Truth Is God
According to the Laws of Manu (in the Sacred Hindu texts), “A widow should be long suffering until death, self-restrained and chaste.” However, as Deepa Mehta’s Water makes clear, the definition of “chaste” depends on who needs what from whom. Set in 1938 India (though shot in Sri Lanka, following on-set riots by Hindu fundamentalists objecting to the project in 2000), Water considers the complicated, often excruciating impositions on women’s lives at a time when Mahatma Gandhi is exposing the oppressions of colonial powers.
Eight-year-old Chuyia (Sarala) first appears at the moment her father tells her she’s been widowed. Though she hardly even remembers being married, she is suddenly cast into an awful lifelong limbo, sent to live in an ashram with 14 other widows, all disdained by “respectable” citizens. The girl doesn’t understand the change, of course, or even the concept of “forever,” and so she hopes her parents will soon retrieve her. She’s instructed that her life is over, that “A wife is part of her husband while he is alive, and when husbands die, god help them.”
Bewildered by the widows’ perpetual mourning, Chuyia bounces and fights, resisting the expectation that she join in the communal depression. Her head shaved at her husband’s funeral, Chuyia looks like the other widows save for her startling youthfulness. But she can’t imagine herself one of them, resisting as she can; she bites, observes another widow, “like a little bitch,” then scurries away, running nowhere. Until she runs into Shakuntala (Seema Biswas, star of the remarkable Bandit Queen), who rubs turmeric paste into her head to cool it. “You saved me,” smiles Chuyia, “like the goddess Durga,” that is, a warrior goddess, fiercely independent and courageous.
But Shakuntala doesn’t see herself as a warrior, or even an independent thinker. Rather, she puts her quiet energy into comprehending the trials imposed on the people she has come to care about, her fellow widows. Working for a local Hindu priest Sadananda (Khulbushan Kharbanda), she consults him concerning articles of faith and instructions for behavior. How do the dire restrictions on a widow’s life comport with the privileges assumed by men, or members of the Brahmin caste? How is a station in life assigned? And why is it that men, as the priest informs her, can decide whether or not to work within a new law or ignore it, depending on what they (the men) deem convenient or beneficial?
The case they’re discussing is a new law allowing widows to marry, which Sadananda says has not been acted on locally even though it’s been passed nationally. The fact that the widows don’t even know about the law has to do with their seclusion as well as their illiteracy, but Shakuntala is especially appalled by the news, because one of the widows living in their ashram has in fact met a man who wants to marry her.
The widow is Kalyani (Lisa Ray), who alone wears long hair so that she can be prostituted to wealthy Brahmins across the river. When Chuyia first spots her—in the doorway of the attic apartment where she lives apart from the others, so they might retain their “purity,” the child is so struck by her light-eyed beauty that she calls her an “angel.” Indeed, Kalyani is special in this hierarchy of widows: she keeps an illicit puppy in her room and invites Chuyia to play with her. They bathe in the Ganges, scamper in the rain, and gaze out on the shimmery river surface: water, in other words, grants them a certain, if brief, sense of freedom and connectedness.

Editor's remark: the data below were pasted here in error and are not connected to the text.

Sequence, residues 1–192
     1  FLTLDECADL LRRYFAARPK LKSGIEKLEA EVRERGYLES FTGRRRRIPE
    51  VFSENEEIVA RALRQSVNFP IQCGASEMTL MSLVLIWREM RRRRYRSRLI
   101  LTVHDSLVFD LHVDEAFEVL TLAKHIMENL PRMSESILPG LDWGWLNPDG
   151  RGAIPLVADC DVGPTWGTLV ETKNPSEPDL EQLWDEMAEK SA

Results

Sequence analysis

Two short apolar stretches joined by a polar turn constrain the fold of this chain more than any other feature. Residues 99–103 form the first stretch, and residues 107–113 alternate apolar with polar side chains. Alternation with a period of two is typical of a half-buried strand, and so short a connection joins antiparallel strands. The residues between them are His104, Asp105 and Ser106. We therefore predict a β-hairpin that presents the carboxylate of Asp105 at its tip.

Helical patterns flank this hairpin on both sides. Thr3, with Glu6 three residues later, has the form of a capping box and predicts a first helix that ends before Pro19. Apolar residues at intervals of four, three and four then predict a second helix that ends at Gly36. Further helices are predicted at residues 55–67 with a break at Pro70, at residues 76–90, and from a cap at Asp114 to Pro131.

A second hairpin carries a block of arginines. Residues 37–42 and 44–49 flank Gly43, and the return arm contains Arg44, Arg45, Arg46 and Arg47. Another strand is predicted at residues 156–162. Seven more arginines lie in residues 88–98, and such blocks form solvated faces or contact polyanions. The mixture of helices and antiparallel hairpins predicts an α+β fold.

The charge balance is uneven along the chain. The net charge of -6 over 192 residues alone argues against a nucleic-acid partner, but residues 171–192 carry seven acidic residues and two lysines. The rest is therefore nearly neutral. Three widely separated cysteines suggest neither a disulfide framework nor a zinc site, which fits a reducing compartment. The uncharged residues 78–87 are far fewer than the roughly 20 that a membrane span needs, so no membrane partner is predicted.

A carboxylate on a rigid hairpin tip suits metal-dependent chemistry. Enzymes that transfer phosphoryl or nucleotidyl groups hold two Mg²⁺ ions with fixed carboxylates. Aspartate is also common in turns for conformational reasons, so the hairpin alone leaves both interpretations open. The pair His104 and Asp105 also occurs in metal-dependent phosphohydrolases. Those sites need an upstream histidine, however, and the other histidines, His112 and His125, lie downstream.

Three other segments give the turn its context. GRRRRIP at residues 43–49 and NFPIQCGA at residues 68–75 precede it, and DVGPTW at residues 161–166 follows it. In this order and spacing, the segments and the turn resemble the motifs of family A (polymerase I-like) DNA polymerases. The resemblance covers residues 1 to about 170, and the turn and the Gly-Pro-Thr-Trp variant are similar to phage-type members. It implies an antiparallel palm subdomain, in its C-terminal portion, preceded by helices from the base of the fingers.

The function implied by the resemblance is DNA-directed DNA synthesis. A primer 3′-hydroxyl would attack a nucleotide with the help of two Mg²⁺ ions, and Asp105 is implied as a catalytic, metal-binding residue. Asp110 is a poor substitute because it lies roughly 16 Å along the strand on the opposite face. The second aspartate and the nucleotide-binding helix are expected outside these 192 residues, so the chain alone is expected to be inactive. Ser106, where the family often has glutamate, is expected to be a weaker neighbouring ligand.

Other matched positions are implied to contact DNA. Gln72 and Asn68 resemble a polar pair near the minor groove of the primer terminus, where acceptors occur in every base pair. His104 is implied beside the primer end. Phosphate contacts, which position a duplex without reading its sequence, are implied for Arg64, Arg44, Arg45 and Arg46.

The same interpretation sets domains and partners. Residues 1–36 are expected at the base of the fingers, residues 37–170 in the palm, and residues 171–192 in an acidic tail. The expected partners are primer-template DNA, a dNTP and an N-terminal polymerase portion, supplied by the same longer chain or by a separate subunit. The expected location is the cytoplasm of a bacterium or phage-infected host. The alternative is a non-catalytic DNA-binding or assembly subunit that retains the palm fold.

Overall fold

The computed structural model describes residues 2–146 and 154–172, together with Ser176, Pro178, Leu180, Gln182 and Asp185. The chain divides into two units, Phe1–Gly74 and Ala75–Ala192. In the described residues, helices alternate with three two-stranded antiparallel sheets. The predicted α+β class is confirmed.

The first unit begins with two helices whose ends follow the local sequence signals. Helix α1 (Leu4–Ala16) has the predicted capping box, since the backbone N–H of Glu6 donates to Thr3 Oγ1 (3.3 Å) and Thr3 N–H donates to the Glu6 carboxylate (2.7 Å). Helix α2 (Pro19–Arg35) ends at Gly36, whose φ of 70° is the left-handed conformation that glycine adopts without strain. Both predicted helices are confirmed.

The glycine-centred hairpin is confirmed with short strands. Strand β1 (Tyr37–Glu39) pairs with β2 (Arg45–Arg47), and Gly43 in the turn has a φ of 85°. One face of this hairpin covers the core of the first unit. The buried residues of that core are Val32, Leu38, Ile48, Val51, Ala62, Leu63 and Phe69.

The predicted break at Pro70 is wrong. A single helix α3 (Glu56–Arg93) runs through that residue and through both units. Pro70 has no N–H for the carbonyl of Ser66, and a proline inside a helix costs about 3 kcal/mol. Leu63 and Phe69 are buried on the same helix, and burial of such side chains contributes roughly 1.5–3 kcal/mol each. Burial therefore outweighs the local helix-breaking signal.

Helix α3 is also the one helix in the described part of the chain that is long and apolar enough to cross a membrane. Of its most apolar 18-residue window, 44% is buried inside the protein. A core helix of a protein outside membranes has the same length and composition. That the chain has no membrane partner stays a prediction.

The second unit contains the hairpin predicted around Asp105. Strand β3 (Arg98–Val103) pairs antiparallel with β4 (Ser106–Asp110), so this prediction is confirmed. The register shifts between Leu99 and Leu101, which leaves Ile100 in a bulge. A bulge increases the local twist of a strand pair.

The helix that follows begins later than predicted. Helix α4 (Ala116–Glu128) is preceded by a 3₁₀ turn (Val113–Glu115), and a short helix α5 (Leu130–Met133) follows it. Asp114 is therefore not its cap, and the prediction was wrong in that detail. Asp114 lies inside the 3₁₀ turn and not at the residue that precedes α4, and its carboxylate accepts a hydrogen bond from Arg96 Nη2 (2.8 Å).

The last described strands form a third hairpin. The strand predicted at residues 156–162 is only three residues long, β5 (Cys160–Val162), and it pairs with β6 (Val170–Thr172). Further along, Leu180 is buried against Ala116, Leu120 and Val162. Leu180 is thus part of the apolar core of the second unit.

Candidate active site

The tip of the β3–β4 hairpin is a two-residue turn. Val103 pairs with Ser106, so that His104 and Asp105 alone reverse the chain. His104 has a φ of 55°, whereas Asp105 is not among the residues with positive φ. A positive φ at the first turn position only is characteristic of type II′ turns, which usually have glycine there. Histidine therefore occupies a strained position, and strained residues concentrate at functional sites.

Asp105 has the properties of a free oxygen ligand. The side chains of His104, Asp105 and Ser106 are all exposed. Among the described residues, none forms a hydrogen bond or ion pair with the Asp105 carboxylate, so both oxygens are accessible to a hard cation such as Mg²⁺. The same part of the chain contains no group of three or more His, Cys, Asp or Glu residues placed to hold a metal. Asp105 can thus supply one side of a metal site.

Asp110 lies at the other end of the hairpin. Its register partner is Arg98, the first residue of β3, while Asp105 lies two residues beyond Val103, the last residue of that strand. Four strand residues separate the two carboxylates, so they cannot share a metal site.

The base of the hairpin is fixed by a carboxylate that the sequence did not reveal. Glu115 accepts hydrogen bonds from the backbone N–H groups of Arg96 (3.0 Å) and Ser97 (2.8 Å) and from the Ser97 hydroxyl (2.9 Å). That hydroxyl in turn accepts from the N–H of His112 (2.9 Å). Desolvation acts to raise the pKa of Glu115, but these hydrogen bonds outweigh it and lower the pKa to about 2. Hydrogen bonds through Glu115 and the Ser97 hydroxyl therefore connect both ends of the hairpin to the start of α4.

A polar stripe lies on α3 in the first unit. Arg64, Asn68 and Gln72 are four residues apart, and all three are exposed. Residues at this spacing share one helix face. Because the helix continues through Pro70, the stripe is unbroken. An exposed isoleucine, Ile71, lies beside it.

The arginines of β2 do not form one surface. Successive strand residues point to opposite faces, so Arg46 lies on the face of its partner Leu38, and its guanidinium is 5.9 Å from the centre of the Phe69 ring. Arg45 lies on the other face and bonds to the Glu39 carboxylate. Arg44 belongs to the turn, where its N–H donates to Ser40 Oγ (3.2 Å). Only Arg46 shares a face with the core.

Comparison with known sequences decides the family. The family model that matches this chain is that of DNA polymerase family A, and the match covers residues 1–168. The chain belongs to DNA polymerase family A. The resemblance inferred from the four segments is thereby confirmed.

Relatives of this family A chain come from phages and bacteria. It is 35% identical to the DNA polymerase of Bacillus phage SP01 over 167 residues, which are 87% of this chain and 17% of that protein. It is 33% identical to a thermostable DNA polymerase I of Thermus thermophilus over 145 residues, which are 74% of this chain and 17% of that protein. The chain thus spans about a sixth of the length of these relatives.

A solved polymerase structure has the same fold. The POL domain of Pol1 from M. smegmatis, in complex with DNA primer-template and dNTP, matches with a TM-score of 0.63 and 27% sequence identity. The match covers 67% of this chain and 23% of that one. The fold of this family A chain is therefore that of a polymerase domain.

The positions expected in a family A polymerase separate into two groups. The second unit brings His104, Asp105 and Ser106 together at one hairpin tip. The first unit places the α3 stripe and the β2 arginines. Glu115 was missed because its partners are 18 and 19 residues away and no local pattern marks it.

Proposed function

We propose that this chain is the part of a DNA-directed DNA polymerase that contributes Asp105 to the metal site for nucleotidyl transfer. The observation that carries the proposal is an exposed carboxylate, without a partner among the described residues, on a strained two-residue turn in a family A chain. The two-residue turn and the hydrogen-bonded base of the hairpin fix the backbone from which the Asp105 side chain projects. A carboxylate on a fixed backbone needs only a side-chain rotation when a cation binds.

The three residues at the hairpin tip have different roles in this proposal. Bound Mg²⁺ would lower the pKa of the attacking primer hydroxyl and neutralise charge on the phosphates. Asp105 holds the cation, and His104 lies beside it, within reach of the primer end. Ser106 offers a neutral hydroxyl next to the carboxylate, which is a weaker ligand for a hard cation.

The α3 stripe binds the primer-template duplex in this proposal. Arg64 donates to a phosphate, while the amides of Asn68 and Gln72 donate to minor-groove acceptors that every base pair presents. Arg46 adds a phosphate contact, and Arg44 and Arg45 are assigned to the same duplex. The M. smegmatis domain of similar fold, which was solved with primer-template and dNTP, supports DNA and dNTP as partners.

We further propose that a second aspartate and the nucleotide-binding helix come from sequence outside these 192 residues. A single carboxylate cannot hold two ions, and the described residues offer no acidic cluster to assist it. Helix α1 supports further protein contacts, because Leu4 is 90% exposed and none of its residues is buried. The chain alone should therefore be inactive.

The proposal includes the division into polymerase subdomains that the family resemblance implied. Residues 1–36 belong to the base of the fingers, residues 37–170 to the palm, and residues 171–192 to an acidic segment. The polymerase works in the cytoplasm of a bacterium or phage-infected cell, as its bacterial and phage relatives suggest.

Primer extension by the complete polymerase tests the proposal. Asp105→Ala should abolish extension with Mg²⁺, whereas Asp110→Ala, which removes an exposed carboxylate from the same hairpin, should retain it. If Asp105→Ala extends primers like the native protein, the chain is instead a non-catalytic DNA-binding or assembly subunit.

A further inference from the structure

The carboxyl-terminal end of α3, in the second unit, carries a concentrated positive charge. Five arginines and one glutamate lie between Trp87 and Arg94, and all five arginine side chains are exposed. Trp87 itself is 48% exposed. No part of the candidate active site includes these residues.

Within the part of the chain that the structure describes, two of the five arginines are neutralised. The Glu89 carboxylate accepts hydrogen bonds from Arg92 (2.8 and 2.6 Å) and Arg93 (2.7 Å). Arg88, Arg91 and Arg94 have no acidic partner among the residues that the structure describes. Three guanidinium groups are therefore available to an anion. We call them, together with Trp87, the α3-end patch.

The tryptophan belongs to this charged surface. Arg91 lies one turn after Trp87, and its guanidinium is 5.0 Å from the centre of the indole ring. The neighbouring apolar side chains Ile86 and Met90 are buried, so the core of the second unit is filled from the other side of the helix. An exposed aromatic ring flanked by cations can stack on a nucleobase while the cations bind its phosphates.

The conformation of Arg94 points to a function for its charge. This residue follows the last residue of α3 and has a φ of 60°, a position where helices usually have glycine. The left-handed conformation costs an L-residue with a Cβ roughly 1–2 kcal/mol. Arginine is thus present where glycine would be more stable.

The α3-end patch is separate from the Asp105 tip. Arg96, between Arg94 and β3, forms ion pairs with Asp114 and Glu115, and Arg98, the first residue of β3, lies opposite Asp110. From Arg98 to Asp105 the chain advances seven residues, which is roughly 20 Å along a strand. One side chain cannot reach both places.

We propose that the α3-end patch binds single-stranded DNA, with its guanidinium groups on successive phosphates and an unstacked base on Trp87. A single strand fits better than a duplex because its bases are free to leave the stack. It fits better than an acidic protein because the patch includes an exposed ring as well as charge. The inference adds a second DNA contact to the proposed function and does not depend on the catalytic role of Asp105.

Kalyani doesn’t work by choice, but in order to support the widows’ household (their only other source of income is begging, an activity that appalls Chuyia so much that she runs from it). More specifically, Kalyani is ordered to work by the group’s apparently self-appointed leader, the self-satisfied, dope-smoking Madhumati (Manorama). (It’s worth noting that the hierarchy inside the ashram mimics the unfairness outside, but then why would the women who have been so abused all their lives imagine any other way?) As Madhumati is in charge, and can’t leave the premises without attracting attention, she’s aided in the business by another outsider, the eunuch Gulabi (Raghuvir Yadav), who serves as drug supplier and pimp.
Much as Kalyani abhors her work, she understands it as a duty, one she endures without question or choice. Her sense of herself changes, however, when she accidentally meets Narayan (John Abraham), a young lawyer who follows the anti-colonialist teachings of Gandhi, and especially envisions a new social system without castes and with freedoms for all citizens. He’s a little too good to be true, and his romance with Kalyani is exceptionally movie-ish, established in lingering glances and passed notes, rapturous embraces and perfect backlighting.
But their forbidden love, so clichéd and grand, is less significant in itself than it is a means to expand on Chuyia’s story, and in turn, Shakuntala’s. For if the child is unable to comprehend the tragedy of her own abandonment, she does come to understand the pain of her fellow widows, including the desperate desire for sweets recited daily by “Auntie” Patiraji (Vidula Javalgekar), who’s been a widow so long she can only remember when she was a child bride and ate sweets at her wedding—it is her last lovely memory.
Chuyia buys a sweet for the old woman, whose ecstasy is more visceral and moving than any emotion displayed by the conventional young lovers. And as Chuyia sees this simple pleasure loom so crucially for Auntie, the girl’s face shows that she comes of age in a way at once wrenching and inspiring, rendered in details of framing and glimpsing. A similar, though prolonged moment of looking is granted Shakuntala near film’s end. Like Chuyia’s, her face is wide and sad and knowing. It is everything.